Guidelines to improve the application of information and communication technologies (ICTs) in agriculture – gains which could bring innovation in agricultural technology, ensure more efficient food production, mitigate food losses and attract a younger generation to become successful farmers – are close at hand, a forum co-convened by the UN’s Food and Agriculture heard (Bangkok, Thailand, 3rd March 2015)
“The applications of validated e-Agriculture processes will be a great addition to innovative agricultural production, attract young generation in agriculture and help safeguard farmers from losses, especially small holders,” said Hiroyuki Konuma, FAO Assistant Director-General and Regional Representative for Asia and the Pacific. “These applications could range from a farmer using a smart phone to scan the barcode of a packet of certified seeds – something that could ensure quality and a fair price, to the installation of low-cost sensors at the village-level for hyper local weather information.”
“The lack of available and correct information at the right time and in the right format is a major obstacle to many activities along the traditional agricultural value chain and this is something that e-Agriculture could help address efficiently,” Konuma added.
Konuma was speaking during the opening of an “e-Agriculture Stakeholders Consultation” which has drawn government officials and researchers, primarily from Asia, Africa and Near East to the three day event in the Thai capital.
While information and communication technology has seen rapid advancements and implementation around the world in the industrial sectors, many countries have been slow to exploit ICTs in agriculture. While some countries have implemented various ad-hoc ICT applications, there is presently no coherent international guidance on successful implementation. However, that’s about to change.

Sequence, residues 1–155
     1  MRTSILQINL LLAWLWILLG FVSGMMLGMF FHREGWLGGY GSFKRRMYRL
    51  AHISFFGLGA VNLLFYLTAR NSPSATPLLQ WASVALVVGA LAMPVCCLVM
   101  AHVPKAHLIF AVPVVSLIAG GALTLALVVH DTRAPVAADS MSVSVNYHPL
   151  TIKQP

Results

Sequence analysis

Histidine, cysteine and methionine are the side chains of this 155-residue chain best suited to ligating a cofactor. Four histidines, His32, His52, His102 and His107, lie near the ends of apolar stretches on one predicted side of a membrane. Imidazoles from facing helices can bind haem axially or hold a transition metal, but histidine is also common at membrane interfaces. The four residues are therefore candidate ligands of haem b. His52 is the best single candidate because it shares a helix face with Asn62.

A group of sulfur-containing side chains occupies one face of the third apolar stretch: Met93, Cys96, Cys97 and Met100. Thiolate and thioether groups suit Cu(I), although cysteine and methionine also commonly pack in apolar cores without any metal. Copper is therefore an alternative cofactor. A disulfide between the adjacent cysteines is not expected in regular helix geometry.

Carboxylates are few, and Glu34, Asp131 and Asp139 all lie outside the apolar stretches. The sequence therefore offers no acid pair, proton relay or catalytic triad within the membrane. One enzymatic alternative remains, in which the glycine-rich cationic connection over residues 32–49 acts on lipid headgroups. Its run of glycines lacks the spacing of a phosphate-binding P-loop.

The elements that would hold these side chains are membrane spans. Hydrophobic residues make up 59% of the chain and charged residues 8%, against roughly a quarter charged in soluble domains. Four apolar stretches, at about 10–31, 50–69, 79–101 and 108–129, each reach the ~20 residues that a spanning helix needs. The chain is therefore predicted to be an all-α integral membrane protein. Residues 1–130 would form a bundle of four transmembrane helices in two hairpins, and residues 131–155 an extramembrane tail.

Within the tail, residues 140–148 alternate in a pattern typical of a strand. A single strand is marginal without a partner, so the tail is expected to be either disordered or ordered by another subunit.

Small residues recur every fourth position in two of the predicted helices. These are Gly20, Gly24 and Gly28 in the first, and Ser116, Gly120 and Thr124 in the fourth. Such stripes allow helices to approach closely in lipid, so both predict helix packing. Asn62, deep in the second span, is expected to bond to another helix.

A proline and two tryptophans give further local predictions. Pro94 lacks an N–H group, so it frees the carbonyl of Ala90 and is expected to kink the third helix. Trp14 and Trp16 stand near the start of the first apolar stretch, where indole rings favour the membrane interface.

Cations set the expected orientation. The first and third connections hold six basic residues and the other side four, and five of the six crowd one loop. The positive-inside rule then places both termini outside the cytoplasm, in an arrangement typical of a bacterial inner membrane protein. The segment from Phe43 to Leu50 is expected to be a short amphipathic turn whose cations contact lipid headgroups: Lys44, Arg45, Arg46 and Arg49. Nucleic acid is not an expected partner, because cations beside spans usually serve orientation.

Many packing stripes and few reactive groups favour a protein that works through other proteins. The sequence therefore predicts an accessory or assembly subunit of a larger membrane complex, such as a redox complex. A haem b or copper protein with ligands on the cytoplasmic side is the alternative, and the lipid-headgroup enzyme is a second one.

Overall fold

The e-Agriculture Strategy guide is being developed jointly by the Food and Agriculture Organization of the United Nations (FAO) and the International Telecommunication Union (ITU), the United Nations specialized agency for information and communication technologies – ICTs.
The participants at the Bangkok consultation are discussing the finalization of the e-Agriculture Strategy Guide and its applications for national context.
“Countries have tried to implement e-Agriculture solutions in isolation,” Konuma pointed out. “This guide provides valuable guidelines and offers a template to implement sustainable e-Agriculture services.”
Concerns over food losses due to natural disasters, or lack of timely information during planting or harvesting, along with increased pressure for food traceability – all offer entry points for the application of proven ICT interventions in agriculture.
It’s anticipated that the new guidelines would be validated in Sri Lanka and Bhutan as pilot countries, and would be used at country level for the formulation of an e-Agriculture strategy in action plans for Asia and the Pacific region and beyond.
The e-Agriculture Stakeholders Consultation is co-convened by FAO, ITU and CTA – the Centre for Agriculture and Rural Cooperation.